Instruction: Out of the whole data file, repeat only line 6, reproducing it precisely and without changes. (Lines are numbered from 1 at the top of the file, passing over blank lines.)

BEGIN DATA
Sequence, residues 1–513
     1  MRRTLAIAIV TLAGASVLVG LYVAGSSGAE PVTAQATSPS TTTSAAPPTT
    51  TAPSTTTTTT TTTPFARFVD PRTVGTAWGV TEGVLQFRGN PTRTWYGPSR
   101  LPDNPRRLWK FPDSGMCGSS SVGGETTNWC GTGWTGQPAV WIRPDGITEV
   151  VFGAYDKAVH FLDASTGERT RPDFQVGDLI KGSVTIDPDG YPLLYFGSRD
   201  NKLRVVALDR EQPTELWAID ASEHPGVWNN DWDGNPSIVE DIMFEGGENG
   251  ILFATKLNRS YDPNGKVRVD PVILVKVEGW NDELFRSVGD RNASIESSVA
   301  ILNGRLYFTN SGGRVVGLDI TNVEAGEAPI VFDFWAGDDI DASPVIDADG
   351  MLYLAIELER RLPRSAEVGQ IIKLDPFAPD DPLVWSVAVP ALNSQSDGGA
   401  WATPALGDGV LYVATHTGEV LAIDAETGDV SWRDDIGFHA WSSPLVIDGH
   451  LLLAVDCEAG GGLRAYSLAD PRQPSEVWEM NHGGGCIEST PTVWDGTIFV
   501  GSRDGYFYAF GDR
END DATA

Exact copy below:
   201  NKLRVVALDR EQPTELWAID ASEHPGVWNN DWDGNPSIVE DIMFEGGENG